of the pig population have been exposed to H1N1
infection at some time. Mexico does not
routinely report swine influenza,” DEFRA noted,
“so there is some uncertainty regarding the
situation in that country.”
However, DEFRA concluded, “We consider
there is a negligible likelihood of introducing
human influenza strain H1N1 to the U.K. by the
legal import of pigs or pig products from North
America. There is no evidence that meat or other
products would be contaminated with known strains
of virus.”
Commented the Office International des
Epizooties [World Organization for Animal Health] in a parallel statement, “The virus has not been
isolated in animals to date. Therefore, it is
not justified to name this disease swine
influenza. Urgent scientific research must be
started in order to know the susceptibility of
animals to this new virus,” the OIE said, “and
if relevant to implement biosecurity measures,
including possible vaccination to protect
susceptible animals.”

Mixing vessels

Speaking before Rabadan released his
genetic findings, OIE director general Bernard
Vallat told Agence France-Presse that the new
H1N1 virus contains an avian strain of American
origin, and American swine strain and an
apparent Asian swine strain, and an American
human strain. But even with that mix, Vallat
explained, “There is no proof that this virus,
currently circulating among humans, really is of
animal origin. There is no element to support
Both pigs and humans are influenza
“mixing vessels,” within whom different flu
strains can meet, incubate, and mutate.
Regardless of the medical evidence,
animal advocates seized upon the H1N1 outbreak as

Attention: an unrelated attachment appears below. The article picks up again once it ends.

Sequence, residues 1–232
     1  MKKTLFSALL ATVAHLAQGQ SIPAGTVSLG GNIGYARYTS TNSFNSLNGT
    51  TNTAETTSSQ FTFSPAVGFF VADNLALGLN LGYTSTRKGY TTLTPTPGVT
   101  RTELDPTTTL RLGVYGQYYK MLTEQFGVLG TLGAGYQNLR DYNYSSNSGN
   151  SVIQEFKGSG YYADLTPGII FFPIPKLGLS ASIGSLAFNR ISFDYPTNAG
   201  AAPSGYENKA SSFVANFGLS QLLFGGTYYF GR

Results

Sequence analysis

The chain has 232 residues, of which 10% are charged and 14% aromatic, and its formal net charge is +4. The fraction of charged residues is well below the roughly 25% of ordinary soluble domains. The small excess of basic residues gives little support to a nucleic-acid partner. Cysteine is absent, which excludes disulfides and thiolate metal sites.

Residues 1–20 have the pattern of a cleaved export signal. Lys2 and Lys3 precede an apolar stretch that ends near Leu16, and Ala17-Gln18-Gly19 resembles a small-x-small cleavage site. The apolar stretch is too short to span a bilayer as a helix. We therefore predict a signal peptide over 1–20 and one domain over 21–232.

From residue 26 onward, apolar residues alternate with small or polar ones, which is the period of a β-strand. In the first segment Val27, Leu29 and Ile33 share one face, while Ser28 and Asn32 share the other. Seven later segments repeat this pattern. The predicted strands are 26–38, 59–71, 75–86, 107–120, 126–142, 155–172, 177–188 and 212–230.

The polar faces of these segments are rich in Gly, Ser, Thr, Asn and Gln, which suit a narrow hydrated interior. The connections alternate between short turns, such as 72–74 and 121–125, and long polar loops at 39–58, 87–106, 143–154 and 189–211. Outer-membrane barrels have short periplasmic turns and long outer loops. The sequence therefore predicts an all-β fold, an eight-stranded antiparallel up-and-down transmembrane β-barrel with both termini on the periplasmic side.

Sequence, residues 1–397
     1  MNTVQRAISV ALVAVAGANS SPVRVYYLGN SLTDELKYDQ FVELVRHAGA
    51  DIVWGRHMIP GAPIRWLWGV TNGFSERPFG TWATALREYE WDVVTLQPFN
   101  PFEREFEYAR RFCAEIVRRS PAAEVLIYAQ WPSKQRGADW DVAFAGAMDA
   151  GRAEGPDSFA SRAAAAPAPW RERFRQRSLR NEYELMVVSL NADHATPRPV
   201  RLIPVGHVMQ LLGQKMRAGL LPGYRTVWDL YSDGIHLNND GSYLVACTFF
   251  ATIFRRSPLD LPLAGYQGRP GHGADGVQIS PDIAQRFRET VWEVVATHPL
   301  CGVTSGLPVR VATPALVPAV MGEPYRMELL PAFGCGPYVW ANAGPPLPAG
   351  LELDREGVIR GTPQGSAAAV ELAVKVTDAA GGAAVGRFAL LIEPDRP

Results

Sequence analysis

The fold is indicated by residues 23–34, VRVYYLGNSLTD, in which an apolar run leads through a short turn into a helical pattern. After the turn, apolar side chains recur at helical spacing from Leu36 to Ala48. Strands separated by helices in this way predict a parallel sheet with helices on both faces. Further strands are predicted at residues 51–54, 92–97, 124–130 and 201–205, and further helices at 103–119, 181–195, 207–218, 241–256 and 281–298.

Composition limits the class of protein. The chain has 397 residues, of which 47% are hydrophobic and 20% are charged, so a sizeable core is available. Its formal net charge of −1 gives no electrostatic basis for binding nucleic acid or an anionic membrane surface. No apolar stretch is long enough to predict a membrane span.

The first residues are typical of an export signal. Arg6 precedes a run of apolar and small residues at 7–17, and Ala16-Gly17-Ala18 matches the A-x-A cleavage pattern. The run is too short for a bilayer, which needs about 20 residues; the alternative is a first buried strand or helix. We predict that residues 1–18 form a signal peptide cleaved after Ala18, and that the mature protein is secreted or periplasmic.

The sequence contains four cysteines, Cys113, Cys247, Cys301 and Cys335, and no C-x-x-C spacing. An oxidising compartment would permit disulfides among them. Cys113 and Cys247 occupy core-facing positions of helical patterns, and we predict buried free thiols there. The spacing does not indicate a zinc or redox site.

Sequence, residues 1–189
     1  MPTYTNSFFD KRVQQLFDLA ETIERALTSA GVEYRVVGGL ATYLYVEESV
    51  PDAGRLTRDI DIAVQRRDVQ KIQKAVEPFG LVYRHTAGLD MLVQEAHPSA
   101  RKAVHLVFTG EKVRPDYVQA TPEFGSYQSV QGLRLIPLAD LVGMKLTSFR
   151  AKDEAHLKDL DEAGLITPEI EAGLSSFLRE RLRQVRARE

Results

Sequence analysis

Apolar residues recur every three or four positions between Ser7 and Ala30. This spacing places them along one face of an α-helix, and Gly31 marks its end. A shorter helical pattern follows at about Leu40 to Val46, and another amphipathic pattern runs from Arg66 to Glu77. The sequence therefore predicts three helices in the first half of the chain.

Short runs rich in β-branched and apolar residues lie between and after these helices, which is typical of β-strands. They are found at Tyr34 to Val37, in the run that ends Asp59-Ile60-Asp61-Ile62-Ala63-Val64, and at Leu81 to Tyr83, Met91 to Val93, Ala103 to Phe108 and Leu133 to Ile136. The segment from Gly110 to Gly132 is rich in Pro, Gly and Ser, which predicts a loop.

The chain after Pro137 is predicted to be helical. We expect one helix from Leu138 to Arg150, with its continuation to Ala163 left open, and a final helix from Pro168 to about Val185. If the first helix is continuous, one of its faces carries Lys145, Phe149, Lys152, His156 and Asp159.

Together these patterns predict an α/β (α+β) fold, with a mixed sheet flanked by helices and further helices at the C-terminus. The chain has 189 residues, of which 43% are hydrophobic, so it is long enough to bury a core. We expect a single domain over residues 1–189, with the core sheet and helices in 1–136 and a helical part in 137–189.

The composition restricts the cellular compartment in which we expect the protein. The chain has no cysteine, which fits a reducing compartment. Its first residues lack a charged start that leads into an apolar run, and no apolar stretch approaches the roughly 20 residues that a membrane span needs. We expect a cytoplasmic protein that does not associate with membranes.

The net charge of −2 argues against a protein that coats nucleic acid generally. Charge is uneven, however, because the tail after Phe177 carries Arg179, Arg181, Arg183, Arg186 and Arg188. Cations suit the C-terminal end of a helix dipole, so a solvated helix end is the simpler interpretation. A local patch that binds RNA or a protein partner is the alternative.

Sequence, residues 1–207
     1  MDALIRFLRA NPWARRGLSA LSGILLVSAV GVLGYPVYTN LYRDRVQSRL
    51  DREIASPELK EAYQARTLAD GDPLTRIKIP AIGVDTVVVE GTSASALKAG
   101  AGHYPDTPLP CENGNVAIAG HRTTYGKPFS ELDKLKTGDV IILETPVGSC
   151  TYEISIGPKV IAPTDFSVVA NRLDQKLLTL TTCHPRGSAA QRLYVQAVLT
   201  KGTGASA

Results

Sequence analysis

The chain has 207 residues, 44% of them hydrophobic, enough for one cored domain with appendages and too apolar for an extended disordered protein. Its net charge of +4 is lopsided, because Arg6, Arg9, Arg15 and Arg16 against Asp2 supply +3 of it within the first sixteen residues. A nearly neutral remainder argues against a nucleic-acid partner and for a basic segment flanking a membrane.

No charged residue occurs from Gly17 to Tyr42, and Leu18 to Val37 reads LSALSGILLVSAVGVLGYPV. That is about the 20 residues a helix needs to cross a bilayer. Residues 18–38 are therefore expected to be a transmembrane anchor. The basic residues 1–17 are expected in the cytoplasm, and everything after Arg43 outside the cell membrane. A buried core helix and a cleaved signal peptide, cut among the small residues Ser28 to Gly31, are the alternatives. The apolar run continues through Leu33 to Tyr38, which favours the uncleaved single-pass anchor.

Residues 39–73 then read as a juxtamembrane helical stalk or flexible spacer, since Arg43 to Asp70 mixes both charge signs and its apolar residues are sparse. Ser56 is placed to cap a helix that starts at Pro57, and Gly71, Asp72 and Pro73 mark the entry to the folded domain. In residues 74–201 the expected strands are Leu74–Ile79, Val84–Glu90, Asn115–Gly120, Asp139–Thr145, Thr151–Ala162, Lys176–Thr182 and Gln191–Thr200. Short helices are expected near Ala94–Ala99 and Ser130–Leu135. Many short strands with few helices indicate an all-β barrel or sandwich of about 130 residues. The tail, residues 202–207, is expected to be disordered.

an opportunity to expose and denounce aspects of
factory farming other than disease transmission.
Posted Michigan activist Eileen Liska,
“What intensive confinement factory farming has
done to the animals, in terms of the cruelty
involved, the drugs used to offset the disease
and stress caused to the animals by how they are
overcrowded and not allowed to meet their basic
behavioral needs, etcetra, is going to come
back to haunt us until we change our ways, and
that doesn’t even include the human side effects
from eating meat filled with antibiotics and
“For more than 23 years we have warned
that cramming thousands of animals into factory
farms is not only bad for the animals,” said
Farm Sanctuary cofounder Gene Baur. “These
stressful, filthy, disease-ridden confines are
also bad for humans. Animals packed by the
thousands in unnatural conditions suffer
immensely and these unhealthy, overcrowded
operations are a breeding ground for
disease–swine flu, avian flu, e-coli,
salmonella, mad cow diseaseĊ Factory farms are a
prescription for disaster.”
Baur mentioned pending federal
legislation which, if passed, “would eliminate
the use of sub-therapeutic antibiotics on factory
This measure is favored by most of the
human health community as well as animal
advocates, since heavy use of antibiotics in
farming is tending to increase the capacity of
infectious bacteria to resist antibiotic